Despite Government guidance urging NHS Trusts not to release their Brexit planning, documents obtained by Best for Britain reveal the shocking Brexit fears harboured by local hospitals across the country.
The research, which comes from Freedom of Information requests sent to 150 NHS Foundation Trusts across England asking for internal Brexit planning documents and submissions to NHS England, the Department for Health and Social Care and the Department for Exiting the EU, is the most in-depth look into local hospital Brexit planning to date.
In total, 35 Trusts responded with details of their Brexit plans. A further 43 Trusts refused the request, with many citing government guidance instructing local hospitals not to reveal Brexit planning and escalate panic.
Key findings from the planning documents include:
- Most hospitals groups highlighted staffing shortages, damage to supply of medicine and uncertainty around future research projects as areas of particular concern.
- At least four of the Trusts who responded had placed Brexit as a strategic risk to the Trust’s ability to deliver its goals, with The Dudley Group giving a no-deal Brexit a risk rating of “catastrophic”.
- Most of the Trusts reported grave concerns around the supply of medicines, with The Dudley Group reporting critical shortages already growing since January and around 100 drugs at risk, the Royal Orthopaedic Hospital identifying 10% of the Trust’s suppliers as high or medium risk, and Tees, Esk and Wear Valleys warning that supply disruption would potentially “result in in-patient units being under extreme pressure.”
- In an email chain about Midlands Partnership's Brexit plans, the Trust’s Director of Pharmacy, who is also the Managing Director of Shropshire Care Group, feared a return to the days of hospitals keeping a civil contingencies medicines stockpile.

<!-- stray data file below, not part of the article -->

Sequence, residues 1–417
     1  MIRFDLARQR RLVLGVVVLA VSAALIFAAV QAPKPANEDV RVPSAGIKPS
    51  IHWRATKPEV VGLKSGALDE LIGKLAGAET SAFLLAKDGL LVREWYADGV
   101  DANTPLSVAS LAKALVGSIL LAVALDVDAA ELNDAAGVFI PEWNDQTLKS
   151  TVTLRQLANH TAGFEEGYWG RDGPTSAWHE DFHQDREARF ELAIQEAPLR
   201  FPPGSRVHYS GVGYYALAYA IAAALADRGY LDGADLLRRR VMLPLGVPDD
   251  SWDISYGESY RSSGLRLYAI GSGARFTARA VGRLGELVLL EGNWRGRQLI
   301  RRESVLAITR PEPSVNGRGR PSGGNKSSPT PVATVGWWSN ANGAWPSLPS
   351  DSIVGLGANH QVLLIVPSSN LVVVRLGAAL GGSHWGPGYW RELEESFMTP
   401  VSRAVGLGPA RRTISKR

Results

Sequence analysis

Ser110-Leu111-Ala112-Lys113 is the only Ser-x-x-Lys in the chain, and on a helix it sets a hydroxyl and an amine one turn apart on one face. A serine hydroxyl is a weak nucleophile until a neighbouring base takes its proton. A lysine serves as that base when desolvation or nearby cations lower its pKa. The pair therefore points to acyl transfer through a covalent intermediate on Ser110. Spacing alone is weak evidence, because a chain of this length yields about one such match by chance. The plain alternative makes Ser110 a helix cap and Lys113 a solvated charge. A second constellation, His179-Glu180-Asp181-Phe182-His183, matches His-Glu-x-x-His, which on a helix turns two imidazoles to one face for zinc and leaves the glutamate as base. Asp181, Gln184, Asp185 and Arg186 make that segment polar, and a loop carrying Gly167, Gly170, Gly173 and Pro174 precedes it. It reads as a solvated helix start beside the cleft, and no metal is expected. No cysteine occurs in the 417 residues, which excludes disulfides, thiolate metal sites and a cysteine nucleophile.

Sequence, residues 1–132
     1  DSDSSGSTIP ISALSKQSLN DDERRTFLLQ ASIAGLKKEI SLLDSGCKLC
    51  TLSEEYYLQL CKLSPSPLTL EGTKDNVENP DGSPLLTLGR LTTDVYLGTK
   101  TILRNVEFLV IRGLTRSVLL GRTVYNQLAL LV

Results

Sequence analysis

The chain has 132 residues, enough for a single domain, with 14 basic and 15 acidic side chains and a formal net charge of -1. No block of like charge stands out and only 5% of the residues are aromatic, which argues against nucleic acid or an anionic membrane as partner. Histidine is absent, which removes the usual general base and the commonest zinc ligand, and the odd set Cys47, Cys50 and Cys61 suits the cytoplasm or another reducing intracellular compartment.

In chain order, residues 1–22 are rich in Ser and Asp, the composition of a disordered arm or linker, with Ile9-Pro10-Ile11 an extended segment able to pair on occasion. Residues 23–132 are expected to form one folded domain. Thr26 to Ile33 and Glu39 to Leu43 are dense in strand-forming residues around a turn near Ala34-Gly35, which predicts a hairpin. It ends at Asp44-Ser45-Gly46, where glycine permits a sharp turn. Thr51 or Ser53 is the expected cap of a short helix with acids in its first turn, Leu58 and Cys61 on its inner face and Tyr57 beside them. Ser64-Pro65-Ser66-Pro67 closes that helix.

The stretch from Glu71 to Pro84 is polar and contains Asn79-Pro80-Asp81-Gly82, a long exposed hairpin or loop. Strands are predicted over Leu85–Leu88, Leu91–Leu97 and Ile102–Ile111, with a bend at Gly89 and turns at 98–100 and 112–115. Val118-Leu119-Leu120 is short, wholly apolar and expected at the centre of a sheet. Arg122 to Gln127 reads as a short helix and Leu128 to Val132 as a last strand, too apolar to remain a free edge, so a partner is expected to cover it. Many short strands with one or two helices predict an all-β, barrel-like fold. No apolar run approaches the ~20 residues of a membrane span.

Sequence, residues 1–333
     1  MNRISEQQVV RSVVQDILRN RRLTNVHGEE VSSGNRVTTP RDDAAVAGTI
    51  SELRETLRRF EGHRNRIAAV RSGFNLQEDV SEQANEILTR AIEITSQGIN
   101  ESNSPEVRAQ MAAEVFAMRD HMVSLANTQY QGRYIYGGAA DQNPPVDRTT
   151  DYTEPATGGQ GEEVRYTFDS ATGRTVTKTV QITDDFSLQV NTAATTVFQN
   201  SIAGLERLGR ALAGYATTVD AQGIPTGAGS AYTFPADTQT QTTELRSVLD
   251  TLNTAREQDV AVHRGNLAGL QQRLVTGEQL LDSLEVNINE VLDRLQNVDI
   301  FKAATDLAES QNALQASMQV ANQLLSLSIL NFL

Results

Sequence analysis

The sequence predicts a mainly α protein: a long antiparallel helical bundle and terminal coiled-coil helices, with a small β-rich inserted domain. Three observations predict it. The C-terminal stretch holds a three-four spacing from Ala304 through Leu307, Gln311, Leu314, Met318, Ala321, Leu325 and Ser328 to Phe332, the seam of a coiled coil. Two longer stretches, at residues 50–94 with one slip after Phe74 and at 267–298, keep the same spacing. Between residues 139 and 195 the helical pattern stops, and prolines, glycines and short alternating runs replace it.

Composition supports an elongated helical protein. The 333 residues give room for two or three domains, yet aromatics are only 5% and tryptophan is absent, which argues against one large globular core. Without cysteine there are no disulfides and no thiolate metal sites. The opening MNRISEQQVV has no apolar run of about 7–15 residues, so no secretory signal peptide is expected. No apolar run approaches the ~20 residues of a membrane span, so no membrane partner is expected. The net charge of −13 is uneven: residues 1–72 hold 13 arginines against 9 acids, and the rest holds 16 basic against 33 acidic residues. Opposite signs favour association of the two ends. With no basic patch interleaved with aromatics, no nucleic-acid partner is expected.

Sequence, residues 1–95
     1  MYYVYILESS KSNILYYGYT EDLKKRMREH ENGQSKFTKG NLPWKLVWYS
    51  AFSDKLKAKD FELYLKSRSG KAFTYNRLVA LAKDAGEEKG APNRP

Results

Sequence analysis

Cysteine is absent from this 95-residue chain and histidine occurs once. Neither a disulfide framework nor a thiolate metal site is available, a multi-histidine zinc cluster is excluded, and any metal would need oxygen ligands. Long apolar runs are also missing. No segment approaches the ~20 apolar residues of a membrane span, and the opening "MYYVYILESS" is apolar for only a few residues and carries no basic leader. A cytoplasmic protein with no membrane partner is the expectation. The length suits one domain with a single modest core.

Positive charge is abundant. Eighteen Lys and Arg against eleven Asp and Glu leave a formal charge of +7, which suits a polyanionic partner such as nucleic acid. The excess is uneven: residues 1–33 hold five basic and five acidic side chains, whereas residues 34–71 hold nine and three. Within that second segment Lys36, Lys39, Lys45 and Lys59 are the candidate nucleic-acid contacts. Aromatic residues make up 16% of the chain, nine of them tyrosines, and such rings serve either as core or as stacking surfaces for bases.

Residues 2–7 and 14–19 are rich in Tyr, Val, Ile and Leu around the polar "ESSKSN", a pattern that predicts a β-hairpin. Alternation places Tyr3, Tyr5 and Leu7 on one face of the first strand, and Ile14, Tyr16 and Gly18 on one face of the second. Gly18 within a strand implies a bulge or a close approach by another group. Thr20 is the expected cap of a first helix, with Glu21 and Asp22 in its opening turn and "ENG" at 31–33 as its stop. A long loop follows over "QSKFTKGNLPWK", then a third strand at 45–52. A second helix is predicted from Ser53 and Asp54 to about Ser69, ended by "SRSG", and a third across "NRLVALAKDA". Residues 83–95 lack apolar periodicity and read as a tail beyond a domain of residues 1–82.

- Trusts also highlighted the threat of a no-deal Brexit to their treatment of complex disorders and diseases: the Dudley Group said there was a threat to their ability to treat Parkinsons Disease as one of the key products used to diagnose the disease (DaTSCAN) would see delivery delays. Northern Lincolnshire and Goole said that “Brexit will mainly affect radiopharmaceuticals used for diagnostic imaging” as “access to suitable radioisotopes is fragile and could be adversely affected”
Commenting, Best for Britain supporter and Labour MP, Dr Paul Williams said:
"This is a damning indictment of the Government and its project to leave the EU, showing the extreme pressures facing Britain's hospitals if Brexit goes ahead.
"We shouldn't be in a situation where hospitals across the country are scared about staffing levels and potentially having to cut back services in order to stay afloat. These documents show that Brexit presents a real threat to patient care across the country.
"I strongly believe that our country is healthiest inside the EU, which is why I'm backing the public having the final say over Brexit."
Also commenting, Interim CEO of Best for Britain, Naomi Smith, said:
"It's no wonder the Government didn't want local hospitals releasing these Brexit planning documents. They're terrifying and highlight the scale of damage to our local communities that would be caused by a no-deal Brexit.
"No-deal may have hit the news less recently, but these documents show that the spectre of Brexit still looms large over our NHS.
"We cannot allow our local hospitals to collapse under the strain of this ideological project. That's why the public need to be given the final say on Brexit, with the option to stay and strengthen our treasured NHS."